Some Beijing hotels have cut their room rates by 10 to 20 per cent in a last-ditch effort to attract tourists before the August 8-24 Olympic games, the state-run China Daily reported yesterday. Citing statistics from Ctrip.com, based in Shanghai, which is the country's largest online hotel booking service, China Daily said that rates in a typical four-star hotel had been reduced from 1,500 Chinese yuan (Dh807) in May and June to 800 yuan per night during the Games. Three-star hotels had dropped rates from an average of 700 yuan to 400 yuan. "The reasons could be multiple and the price cut during the Olympics is now a trend," Wu Jiaoli, a press officer with Ctrip, was quoted as saying.
"One reason is that the occupancy rate is less than expected; another is to undercut competitors at the last moment," Mr Wu added. The price reductions follow a statement by the Beijing Tourism Bureau last month that occupancy rates were as low as 44 per cent for four-star hotels, and that almost a quarter of the city's five-star rooms were still available. During the Athens, Sydney and Atlanta Olympics, occupancy was about 90 per cent.
Beijing's hotel sector has mushroomed in preparation for the Games and the city now has 5,892 hotels, of which 160 are four- and five-star. Fifty-seven hotels have opened in the past year alone. Official statistics had predicted that more than one million domestic tourists and between 450,000 and 500,000 foreigners would attend the Games. This is not much more than the 420,000 foreigners who visited Beijing last summer, traditionally a low season due to the heat. Xinhua, the official news agency, said that visitor numbers had dropped by 14.2 per cent in May, attributing the reduction to tighter visa regulations introduced by the government in the spring.
According to China Daily, Olympics visitors will include about 50,200 athletes, international Games staff, journalists, sponsors and their business clients, all of whom will be accommodated by 112 hotels, ranging from three-star upwards and designated by the Beijing organising committee as official hotels. The committee reserved about 70 per cent of the rooms in these hotels at rates set by official organisations, ranging from US$180 (Dh610) to $350 per night, about 1.4 to 1.8 times higher than the usual rates.
Officials said that hotels could charge what the market could bear for unallocated rooms. Last summer Du Jiang, the director of Beijing Tourism Administration, said that it would intervene only in "extreme" cases, such as when "a foreign visitor was being asked to pay $10,000 for a room, despite a hotel having plenty of vacancies", according to Reuters. Hotel rates had increased dramatically for advance bookings for the Games, with the average rate being asked for four-star hotels during the Olympics reaching $320 earlier this year, three times last summer's average. In Sydney and Atlanta, hotel rates during the Olympic year peaked at 15 to 20 per cent above the previous year.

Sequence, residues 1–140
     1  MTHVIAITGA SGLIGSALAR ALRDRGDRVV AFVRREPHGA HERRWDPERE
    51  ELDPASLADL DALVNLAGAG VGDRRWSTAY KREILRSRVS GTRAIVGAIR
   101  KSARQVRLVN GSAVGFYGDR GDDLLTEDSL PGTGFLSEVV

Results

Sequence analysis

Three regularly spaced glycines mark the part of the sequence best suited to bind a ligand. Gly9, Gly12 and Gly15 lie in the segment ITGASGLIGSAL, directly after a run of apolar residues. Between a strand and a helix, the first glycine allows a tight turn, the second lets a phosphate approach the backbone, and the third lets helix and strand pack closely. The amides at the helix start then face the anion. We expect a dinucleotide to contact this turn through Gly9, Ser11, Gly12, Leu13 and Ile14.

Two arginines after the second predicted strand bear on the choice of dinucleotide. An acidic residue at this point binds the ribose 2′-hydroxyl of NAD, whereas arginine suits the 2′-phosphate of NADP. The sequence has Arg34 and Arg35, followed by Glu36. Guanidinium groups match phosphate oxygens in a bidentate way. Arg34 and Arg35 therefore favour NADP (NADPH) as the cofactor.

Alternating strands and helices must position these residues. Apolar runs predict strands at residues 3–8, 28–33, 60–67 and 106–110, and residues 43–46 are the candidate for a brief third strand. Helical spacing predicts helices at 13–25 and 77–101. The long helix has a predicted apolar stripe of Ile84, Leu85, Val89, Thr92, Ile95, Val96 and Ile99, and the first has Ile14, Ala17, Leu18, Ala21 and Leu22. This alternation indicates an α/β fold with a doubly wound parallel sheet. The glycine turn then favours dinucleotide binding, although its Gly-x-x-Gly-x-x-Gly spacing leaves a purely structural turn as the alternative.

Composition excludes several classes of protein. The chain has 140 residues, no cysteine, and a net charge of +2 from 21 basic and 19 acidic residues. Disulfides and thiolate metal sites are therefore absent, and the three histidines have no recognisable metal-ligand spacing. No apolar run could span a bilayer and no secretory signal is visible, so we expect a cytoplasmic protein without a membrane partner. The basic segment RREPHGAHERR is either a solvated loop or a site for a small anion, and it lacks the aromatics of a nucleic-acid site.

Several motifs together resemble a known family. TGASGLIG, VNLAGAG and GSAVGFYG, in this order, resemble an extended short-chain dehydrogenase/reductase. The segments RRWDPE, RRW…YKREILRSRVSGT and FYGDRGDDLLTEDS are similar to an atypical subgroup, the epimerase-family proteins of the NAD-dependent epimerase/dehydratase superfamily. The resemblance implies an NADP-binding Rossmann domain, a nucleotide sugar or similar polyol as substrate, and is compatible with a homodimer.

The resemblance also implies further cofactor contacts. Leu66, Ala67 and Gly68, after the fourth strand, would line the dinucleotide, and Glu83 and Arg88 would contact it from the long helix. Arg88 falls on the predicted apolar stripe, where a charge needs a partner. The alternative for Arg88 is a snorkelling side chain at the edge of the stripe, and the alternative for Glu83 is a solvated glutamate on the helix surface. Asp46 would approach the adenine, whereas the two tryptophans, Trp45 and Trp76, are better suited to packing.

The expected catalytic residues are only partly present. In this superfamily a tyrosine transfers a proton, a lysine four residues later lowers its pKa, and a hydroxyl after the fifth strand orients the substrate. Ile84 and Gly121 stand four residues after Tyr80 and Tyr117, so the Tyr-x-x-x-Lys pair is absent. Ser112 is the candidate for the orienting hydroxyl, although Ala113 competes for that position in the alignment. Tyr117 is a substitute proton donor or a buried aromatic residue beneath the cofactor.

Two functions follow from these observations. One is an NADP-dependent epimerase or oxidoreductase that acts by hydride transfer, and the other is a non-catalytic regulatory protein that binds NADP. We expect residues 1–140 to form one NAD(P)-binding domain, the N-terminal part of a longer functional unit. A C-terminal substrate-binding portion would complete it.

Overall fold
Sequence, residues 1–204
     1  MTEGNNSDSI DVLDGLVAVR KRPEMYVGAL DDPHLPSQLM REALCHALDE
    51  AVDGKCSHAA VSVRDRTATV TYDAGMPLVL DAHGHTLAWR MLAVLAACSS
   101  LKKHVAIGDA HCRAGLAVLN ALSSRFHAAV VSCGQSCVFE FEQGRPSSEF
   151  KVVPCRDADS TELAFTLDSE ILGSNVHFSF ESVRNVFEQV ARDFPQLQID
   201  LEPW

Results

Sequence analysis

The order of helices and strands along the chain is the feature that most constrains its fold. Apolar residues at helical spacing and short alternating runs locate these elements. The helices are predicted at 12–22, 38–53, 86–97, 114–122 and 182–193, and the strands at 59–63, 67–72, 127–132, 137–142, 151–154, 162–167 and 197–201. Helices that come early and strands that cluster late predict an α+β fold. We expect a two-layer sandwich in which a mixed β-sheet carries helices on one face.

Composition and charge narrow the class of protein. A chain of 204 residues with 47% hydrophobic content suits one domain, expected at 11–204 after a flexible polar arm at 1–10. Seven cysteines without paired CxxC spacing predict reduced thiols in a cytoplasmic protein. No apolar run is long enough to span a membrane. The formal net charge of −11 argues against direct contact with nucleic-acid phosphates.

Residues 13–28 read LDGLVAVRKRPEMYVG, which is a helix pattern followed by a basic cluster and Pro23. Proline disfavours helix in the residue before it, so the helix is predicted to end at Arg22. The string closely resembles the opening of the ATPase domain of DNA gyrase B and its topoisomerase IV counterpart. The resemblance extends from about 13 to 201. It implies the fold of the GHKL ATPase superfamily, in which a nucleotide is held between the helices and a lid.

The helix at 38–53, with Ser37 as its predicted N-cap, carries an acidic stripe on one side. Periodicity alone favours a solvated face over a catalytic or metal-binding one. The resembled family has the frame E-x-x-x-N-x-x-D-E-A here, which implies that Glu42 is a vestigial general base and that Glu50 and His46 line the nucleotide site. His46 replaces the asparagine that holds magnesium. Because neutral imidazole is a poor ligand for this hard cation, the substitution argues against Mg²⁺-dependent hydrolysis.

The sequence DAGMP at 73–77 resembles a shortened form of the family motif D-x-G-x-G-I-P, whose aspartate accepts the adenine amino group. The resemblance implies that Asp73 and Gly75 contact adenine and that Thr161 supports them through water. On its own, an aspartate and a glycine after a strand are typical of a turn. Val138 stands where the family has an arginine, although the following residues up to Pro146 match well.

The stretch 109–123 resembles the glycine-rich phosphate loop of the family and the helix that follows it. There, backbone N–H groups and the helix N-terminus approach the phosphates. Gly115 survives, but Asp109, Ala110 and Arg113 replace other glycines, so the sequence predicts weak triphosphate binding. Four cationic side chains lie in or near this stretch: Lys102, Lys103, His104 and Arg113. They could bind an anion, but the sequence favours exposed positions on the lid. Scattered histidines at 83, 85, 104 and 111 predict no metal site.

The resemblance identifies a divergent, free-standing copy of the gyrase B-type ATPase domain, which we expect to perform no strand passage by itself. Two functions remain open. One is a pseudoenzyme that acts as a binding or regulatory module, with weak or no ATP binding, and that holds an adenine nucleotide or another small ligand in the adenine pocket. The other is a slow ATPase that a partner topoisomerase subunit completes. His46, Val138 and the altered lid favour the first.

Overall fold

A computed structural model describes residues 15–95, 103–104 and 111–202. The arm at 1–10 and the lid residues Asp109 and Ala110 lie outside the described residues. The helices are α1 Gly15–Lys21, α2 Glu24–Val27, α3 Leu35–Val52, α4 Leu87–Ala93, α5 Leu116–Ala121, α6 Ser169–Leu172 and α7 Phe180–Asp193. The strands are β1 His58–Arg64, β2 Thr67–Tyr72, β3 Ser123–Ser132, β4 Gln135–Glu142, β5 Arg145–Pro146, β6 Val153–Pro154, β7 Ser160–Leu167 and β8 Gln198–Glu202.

Last week Reuters reported that Beijing officials were downplaying worries about low reservations, insisting that the numbers were in line with expectations and refusing to draw a link with new visa controls. It quoted Xiong Yumei, the deputy head of the Beijing Tourism Administration, as saying that more than half the rooms in four-star hotels in Beijing over the Olympic period were still available, although bookings were edging up slowly.
"This is what we expected," she said. "There are still quite a lot of people from other cities and provinces who have tickets but have not yet booked rooms. When August comes the occupancy rate will be much higher than the present booking rate." Reservations have been concentrated in the Olympic Village, Asian Games Village and hotels near the Olympic stadiums, China Daily said, citing Ctrip information. Hotels located further from the Olympic stadiums have also begun providing packages in a bid to attract customers, including offers of breakfast vouchers and souvenirs.
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